Practice falling sideways

The tilting further part is really quite scary because you are moving further away from your base of support. Outside of skiing there are not many positive outcomes that result from you deliberately falling. However bigger edge angles in skiing require you to trust in this falling sensation part in order to continue tilting your skis to bend them. In order to help comprehend this change in motion going more towards falling try this. Visualise your ski pole  standing upright then falling over. The first half of falling the handle of the pole (like your head) moves mostly sideways with a little bit of down. The second half of that fall the handle accelerates more downwards than sideways. So you would be experiencing similar motions to the ski pole. The first part feeling relatively slower to tilt, the second half of moving inside the turn is faster as gravity is able to pull you to earth more easily. Closer to free falling. Which is why this part feels the best but is the scariest and hardest to do! As long as the ski bends and the edges hold turning forces will hold you up and keep you balanced. Thats where trust in the process and practice comes in. When the snow is soft practice letting yourself do single J turns and be ok with just letting yourself gradually fall in but be conscious you're doing it to help keep tipping the skis to bend them.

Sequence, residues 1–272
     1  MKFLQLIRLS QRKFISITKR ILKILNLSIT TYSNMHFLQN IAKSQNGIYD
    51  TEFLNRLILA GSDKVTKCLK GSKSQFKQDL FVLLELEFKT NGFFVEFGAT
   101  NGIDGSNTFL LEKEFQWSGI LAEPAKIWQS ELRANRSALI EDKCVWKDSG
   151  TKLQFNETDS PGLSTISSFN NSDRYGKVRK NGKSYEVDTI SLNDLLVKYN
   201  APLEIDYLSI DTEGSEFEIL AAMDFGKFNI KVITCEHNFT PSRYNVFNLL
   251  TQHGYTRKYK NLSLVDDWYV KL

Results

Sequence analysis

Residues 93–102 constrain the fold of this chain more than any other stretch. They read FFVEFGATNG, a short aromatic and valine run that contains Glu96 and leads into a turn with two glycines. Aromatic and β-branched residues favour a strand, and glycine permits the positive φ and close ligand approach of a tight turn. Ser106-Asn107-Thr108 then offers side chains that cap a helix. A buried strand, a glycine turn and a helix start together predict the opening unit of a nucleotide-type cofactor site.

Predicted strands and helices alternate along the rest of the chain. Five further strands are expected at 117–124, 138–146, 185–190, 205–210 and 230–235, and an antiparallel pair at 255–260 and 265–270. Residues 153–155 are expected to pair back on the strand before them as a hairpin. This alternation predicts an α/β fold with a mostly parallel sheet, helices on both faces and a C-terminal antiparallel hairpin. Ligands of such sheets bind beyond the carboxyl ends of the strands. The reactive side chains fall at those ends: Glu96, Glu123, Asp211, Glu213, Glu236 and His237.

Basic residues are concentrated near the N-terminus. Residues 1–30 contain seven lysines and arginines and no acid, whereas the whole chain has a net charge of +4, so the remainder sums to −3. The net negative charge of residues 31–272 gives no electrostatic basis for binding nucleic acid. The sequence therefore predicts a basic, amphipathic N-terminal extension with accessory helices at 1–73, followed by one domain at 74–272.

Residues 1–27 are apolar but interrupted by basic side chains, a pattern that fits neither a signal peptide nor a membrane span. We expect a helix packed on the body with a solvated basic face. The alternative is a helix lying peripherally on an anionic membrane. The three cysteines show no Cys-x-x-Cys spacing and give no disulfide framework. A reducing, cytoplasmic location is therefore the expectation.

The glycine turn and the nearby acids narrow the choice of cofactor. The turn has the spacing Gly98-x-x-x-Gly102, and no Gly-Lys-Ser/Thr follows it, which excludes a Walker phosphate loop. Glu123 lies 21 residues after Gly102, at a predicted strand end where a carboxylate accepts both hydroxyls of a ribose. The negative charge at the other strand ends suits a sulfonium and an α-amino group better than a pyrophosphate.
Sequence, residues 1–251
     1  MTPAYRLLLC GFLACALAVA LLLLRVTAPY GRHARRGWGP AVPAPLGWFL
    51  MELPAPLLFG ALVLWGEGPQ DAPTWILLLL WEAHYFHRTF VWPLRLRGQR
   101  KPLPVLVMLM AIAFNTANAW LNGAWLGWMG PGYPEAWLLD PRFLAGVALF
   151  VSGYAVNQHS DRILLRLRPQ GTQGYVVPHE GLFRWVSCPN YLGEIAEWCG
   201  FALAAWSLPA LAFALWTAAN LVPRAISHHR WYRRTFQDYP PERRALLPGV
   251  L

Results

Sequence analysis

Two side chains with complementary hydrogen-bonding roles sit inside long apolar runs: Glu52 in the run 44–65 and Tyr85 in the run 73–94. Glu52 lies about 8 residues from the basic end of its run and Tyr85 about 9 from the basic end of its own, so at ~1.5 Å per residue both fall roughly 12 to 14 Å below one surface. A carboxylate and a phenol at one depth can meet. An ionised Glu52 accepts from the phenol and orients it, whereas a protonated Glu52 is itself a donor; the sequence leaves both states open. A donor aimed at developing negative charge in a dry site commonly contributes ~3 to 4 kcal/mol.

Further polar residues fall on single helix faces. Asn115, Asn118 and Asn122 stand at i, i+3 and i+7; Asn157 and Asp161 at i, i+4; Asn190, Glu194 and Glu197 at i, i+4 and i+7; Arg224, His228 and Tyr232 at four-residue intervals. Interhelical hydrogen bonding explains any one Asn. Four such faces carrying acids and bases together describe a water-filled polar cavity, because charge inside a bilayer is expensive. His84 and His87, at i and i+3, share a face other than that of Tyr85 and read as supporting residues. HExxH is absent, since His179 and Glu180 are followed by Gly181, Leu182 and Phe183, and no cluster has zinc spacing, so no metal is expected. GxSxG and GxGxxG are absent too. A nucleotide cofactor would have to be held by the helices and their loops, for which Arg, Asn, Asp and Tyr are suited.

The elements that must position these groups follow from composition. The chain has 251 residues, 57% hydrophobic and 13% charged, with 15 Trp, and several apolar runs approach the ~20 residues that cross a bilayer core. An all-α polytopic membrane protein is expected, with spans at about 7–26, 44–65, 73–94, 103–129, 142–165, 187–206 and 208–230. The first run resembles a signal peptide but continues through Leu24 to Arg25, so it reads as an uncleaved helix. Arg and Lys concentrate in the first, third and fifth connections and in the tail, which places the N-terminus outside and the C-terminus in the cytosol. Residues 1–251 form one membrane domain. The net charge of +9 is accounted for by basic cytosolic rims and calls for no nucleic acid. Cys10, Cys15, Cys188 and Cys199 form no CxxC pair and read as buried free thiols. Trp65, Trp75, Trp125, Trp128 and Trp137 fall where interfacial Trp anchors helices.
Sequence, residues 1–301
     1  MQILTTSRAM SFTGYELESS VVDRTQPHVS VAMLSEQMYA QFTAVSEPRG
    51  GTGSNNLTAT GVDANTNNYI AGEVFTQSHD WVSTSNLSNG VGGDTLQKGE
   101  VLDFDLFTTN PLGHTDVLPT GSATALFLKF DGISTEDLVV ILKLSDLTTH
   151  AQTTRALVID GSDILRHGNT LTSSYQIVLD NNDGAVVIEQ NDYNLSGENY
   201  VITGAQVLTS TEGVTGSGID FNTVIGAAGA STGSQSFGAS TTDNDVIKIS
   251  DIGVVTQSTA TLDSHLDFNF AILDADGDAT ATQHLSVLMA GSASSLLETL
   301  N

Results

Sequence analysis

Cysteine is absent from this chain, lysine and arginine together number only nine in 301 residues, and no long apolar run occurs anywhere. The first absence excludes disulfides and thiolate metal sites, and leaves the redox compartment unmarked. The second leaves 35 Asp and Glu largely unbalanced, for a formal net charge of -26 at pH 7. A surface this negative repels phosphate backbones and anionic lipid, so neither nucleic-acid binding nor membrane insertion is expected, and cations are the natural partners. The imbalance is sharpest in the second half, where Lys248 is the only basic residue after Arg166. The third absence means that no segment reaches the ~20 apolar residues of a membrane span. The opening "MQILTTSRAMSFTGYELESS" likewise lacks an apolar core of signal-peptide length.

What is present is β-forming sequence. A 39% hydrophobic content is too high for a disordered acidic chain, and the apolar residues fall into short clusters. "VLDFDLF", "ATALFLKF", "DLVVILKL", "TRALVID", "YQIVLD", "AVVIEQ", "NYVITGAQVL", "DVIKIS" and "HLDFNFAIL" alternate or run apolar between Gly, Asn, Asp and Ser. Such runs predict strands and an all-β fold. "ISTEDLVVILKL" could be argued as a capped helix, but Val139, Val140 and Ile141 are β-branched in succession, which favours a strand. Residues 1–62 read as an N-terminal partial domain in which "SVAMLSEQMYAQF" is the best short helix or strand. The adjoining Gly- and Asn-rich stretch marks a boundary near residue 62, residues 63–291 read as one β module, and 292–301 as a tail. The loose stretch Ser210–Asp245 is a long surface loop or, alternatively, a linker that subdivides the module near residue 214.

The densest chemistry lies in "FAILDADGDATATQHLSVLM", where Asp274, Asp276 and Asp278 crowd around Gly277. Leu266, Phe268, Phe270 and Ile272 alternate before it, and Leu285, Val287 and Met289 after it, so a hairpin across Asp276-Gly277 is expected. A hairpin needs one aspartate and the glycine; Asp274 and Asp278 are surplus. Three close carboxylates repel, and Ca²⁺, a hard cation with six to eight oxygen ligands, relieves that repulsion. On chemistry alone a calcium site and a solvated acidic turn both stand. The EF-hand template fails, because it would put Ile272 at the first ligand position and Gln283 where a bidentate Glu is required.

Membership gives you access to videos that teach you how to work on getting higher edge angles.

In this video Tom teaches Emma in a series of 6 videos on how to go from steering her turns to full blown higher performance carving in just 3 days. Check out part 5 of the 6 part series to learn more.

Explore The Whole Series!

Common problem when getting lower